Of the array of economic data released this morning, perhaps the most impressive was the New York Fed’s reading on the manufacturing sector.  The headline index came in at 43, smashing estimates by 25 points.  As we show below, that was one of the strongest readings relative to expectations since 2002 with the only bigger beat being last June. Not only was it impressive relative to expectations, but the release also set a record high. In addition to the July reading being a record high, the month-over-month change was the fourth largest on record behind May and June of last year and May of 2003.

Driving the surge in the headline number were big improvements across categories, but especially for New Orders, Shipments, and Inventories. The MoM increases for each of those categories ranked in the top 5% of all months and left them at some of the highest readings on record.  While most categories improved versus June, there were three outliers: Delivery Time, Prices Paid, and Average Workweek.

Demand-related indices were some of the most impressive areas of the report.  New Orders surged 16.9 points to 33.2 which was the highest level since 2004.  That massive acceleration in orders growth meant backlogs grew at a more rapid pace as Unfilled Orders rose 4.2 points.  Even though that is a historically strong level, it was 9.3 points below the even more elevated readings from earlier in the spring.  Fortunately, manufacturers appear at least somewhat more capable of fulfilling those orders.  Shipments surged to 43.8 which, like new orders, was the highest level in the index since 2004.  Additionally, inventories grew at a rapid rate.  The Inventories Index rose 18.8 points from a contractionary reading last month to one of the highest levels on record.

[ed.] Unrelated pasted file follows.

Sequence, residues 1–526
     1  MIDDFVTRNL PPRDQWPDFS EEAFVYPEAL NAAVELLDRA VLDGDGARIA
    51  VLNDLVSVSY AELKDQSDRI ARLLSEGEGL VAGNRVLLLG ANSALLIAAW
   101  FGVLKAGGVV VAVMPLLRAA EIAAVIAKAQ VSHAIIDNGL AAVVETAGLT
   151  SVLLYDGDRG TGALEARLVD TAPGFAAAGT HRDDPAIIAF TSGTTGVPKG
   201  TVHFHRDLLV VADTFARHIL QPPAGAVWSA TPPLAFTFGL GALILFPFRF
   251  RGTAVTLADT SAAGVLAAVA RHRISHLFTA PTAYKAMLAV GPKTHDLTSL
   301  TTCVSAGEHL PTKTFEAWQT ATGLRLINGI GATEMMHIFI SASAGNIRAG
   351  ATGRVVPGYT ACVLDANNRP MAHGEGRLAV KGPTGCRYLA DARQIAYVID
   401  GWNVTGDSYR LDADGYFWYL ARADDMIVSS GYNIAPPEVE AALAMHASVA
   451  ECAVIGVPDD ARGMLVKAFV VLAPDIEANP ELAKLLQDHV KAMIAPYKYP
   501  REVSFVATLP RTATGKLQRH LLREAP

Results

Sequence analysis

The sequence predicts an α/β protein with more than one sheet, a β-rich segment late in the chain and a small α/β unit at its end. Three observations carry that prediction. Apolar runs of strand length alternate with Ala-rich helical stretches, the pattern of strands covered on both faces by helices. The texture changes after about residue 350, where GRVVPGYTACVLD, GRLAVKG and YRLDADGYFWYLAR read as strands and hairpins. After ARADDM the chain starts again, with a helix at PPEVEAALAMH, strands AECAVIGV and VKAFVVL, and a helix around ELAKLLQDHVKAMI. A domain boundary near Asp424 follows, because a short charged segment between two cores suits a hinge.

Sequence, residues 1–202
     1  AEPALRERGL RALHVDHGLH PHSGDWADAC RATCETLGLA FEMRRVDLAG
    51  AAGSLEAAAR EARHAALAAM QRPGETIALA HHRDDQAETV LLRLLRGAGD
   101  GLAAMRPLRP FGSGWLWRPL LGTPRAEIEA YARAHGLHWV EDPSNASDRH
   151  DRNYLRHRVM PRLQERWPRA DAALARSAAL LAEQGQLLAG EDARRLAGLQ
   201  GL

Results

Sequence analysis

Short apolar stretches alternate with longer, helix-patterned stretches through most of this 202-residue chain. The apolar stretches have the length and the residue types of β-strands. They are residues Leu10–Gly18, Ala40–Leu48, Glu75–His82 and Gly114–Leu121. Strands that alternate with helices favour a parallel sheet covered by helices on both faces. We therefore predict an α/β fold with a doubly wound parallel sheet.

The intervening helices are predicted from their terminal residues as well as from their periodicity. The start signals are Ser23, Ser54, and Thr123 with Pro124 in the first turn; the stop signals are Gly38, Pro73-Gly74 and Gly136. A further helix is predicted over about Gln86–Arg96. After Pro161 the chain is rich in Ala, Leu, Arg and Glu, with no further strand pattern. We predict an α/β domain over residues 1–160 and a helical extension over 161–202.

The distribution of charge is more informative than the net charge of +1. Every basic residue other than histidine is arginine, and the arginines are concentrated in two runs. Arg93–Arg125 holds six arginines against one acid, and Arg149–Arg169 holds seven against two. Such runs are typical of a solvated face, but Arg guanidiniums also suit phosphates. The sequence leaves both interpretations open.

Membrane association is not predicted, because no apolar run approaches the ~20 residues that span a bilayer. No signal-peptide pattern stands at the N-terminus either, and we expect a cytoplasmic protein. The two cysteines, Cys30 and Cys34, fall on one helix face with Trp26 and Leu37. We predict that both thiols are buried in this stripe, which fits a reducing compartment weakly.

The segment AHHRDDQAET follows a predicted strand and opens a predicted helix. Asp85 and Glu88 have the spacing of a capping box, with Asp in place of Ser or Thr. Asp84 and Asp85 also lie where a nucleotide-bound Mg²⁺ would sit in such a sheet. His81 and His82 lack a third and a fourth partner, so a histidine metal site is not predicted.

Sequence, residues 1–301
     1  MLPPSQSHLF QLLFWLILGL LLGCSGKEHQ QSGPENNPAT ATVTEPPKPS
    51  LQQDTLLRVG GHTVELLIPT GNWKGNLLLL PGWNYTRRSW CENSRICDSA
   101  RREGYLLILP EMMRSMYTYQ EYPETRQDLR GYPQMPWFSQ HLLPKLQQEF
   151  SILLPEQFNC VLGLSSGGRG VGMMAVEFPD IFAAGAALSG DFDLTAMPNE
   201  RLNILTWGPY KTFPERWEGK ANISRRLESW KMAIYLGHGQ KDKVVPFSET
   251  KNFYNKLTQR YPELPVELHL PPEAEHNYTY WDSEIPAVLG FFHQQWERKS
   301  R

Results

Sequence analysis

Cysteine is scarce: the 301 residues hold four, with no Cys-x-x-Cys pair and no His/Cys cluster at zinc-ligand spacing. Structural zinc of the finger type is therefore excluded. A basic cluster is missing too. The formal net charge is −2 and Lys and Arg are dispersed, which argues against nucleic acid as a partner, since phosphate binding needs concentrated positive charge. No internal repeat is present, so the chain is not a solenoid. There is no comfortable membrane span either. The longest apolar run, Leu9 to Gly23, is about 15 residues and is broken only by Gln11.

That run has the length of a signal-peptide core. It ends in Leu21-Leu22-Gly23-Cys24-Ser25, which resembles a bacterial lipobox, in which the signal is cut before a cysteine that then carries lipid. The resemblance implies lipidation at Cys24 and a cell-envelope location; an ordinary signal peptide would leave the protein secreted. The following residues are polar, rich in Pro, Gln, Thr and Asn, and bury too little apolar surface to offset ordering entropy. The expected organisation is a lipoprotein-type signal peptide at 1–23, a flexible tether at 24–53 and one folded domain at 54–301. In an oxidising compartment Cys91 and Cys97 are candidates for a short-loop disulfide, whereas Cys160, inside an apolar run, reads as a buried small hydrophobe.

One likely reason for the massive increase in inventories and shipments is some normalization in supply chains.  The index for Delivery Times measures how long it takes for supplier products to arrive.  Higher readings indicate longer lead times and vice versa.  Over the past year, these indices have surged to unprecedented levels across regional Fed and other manufacturing reported.  While the Empire Fed’s reading is still extremely elevated from a historical context, the 9.6 point drop month over month marked a significant improvement in lead times.

Input price pressures have also subsided a bit.  Similar to the Delivery Times index, the index for Prices Paid is extremely elevated but showed some relief in July.  That was not the case for Prices Received though.  That index continued to rise with both the current conditions and 6-month expectation indices reaching record highs in July.

In terms of the expectations indices, the only other one to reach a record in June was for the Number of Employees.  The increase in that index was matched by a sizeable uptick in the current conditions index as well.  That index rose 8.8 points to the highest level since June 2018 indicating the region’s manufacturers continue to have a strong appetite for labor and are in fact taking on more workers. Click here to view Bespoke’s premium membership options.

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